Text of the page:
How to use Jupyter to conduct preliminary data analysis for health sciences: R/tidyverse edition

I’d recommend that after you have installed Jupyter Notebooks (or Jupyter Lab), or have accessed a hosted instance of Jupyter notebook or Jupyter lab, make sure you read the following two tutorials written in “Towards Data Science”:Bringing the best out of Jupyter notebooks for data scienceJupyter lab: evolution of Jupyter NotebookYou will develop a working knowledge of how to work with Jupyter notebooks, and how to use them.

The purpose of this tutorialIn this tutorial, I will show you how you can use Jupyter Notebooks/Jupyter Lab to conduct real world data analysis starting from scratch using R (tidyverse).

I will write about using R (tidyverse and ggplot) to do data analysis.

In a future post, I will show you how you can use Python (pandas, matplotlib, statsmodel, and seaborn) to conduct data analysis and create graphics.

As these are open-source and free (free as in free beer and free as in free speech) tools.

(click on the image below to listen an interview with Richard Stallman what that means, 🙂 ):So learning how to use these tools for your data analysis and writing will make it easy and intuitive for you to do and share your data analysis projects with everyone.

What will you need to complete this tutorial?A working knowledge of RA web browser and a computer that has Jupyter notebook or Jupyter Lab installed.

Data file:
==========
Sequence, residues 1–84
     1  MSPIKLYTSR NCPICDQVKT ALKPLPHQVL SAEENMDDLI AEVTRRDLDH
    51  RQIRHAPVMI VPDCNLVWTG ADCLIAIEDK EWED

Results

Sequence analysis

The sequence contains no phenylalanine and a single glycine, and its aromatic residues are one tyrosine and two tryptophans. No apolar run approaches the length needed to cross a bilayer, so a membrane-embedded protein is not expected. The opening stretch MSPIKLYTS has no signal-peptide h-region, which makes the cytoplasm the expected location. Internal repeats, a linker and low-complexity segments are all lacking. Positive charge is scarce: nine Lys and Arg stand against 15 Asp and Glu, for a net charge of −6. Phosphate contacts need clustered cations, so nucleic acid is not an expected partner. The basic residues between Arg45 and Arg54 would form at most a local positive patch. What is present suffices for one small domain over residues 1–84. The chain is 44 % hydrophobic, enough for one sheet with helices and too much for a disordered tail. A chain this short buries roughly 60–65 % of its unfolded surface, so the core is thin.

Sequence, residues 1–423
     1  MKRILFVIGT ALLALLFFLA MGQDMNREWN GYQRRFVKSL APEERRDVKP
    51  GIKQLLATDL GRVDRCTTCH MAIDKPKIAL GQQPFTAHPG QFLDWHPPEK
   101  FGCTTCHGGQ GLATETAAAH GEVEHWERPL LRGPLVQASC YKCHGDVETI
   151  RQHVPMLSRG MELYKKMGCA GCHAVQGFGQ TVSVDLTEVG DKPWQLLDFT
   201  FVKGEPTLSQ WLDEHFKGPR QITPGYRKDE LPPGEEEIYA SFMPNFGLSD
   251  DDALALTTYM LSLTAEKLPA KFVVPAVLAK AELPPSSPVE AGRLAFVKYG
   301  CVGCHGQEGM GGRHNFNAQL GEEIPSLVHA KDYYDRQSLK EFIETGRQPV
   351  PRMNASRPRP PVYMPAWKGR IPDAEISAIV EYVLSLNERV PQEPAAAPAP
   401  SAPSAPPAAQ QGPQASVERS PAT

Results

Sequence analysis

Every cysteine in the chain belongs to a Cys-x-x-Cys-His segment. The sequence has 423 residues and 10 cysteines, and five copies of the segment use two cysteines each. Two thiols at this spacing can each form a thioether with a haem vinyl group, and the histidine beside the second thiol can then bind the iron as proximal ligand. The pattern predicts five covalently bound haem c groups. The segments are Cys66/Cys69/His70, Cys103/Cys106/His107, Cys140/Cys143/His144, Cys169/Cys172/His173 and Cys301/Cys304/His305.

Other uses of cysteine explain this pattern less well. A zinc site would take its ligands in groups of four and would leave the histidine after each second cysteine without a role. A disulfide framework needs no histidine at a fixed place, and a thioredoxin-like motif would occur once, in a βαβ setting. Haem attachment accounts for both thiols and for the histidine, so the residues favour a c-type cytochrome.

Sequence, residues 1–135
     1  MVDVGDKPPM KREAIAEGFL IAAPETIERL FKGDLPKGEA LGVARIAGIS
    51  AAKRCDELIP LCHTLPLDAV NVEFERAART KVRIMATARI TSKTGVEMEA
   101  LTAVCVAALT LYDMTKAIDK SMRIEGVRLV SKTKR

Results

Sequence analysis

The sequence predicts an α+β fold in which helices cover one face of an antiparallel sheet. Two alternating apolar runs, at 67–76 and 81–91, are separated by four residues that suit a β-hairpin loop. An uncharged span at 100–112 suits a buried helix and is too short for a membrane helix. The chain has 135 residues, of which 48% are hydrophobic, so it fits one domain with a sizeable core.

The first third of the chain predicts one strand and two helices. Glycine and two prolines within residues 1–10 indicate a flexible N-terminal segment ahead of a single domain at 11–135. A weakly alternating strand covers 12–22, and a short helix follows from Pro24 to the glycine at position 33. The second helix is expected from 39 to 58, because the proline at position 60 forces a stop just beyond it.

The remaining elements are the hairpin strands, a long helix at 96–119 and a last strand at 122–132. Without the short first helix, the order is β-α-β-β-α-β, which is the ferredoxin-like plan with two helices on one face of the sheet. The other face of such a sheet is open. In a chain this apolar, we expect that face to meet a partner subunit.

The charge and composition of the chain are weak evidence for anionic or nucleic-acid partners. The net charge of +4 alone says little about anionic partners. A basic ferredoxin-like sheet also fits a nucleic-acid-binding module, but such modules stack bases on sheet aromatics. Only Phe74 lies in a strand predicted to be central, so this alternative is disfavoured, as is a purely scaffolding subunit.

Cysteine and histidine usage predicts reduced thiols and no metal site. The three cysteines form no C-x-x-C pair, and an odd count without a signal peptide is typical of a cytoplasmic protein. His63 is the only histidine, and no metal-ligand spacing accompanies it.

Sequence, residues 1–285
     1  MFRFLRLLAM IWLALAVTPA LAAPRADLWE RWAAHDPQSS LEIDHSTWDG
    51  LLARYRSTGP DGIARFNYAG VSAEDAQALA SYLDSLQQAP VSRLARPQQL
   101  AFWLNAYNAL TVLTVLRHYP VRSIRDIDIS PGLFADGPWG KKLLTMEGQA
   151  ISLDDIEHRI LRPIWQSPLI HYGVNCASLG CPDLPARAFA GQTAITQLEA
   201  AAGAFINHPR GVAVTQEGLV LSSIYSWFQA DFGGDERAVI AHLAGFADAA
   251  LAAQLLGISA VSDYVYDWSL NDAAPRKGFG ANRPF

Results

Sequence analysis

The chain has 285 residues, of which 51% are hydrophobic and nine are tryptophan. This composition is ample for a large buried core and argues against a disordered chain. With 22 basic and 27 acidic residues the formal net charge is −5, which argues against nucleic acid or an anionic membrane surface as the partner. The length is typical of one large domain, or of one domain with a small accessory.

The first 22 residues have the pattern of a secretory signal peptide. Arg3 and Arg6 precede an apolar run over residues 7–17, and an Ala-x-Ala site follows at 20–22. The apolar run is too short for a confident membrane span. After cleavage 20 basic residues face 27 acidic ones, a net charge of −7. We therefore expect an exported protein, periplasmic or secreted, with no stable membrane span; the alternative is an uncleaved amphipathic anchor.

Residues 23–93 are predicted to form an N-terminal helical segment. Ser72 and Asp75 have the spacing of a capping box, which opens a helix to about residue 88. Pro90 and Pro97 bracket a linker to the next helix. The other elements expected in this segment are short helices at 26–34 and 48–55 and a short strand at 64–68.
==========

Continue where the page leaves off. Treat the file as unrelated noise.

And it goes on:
However, if you do not have to install Jupyter notebook/Jupyter Lab on your computer to follow along.

You can create free accounts on one of these websites to follow along as well.

Practically any browser will work.

If any browser does not work with these, please let me know in the comments.

How to write in markdownWhat do I mean by “A working knowledge of R”?If you have not used R before, now is a good time.

R is a statistical programming environment (this means you can not only conduct statistical data analysis but you can also develop “routines” or procedures that you can share with others using R, which is a good thing).

You can find out more about R from the following website (what is R, how to obtain and install R):R home page: https://www.


org/Download R from the following site: https://cran.


org/A series of pages to learn how you can adopt R in your work: https://cran.


org/web/views/In this tutorial, I will make use of “tidyverse” a suite of packages in R you can use for data science; here is the link: https://www.


org/I recommend that you make yourself familiar with the following online text written by Hadley Wickham and Garrett Grolmund for doing data science in R.

It is free and easy to follow along: https://r4ds.



nz/These are the basic resources to get you started.

Here, I will introduce some essential key components of R that you can use to follow along.

In this tutorial, we will use R and tidyverse to read a data set, “clean and preprocess” the data set, and then find some meaning in the data set.

We will create simple graphics using a package within R referred to as “ggplot2” (Grammar of Graphics Plotting Version 2, based on the book by Leland and Wilkinson, “Grammar of Graphics”).

A quick cook’s tour of R and markdownLet’s get started.

We will use a jupyter lab instance for free hosted in Cocalc.

com (URL: https://cocalc.

com); if you want to use this and follow along, consider to create a free account there and start a jupyter lab server.

When you visit cocalc.

com, it looks as follows:Figure 1.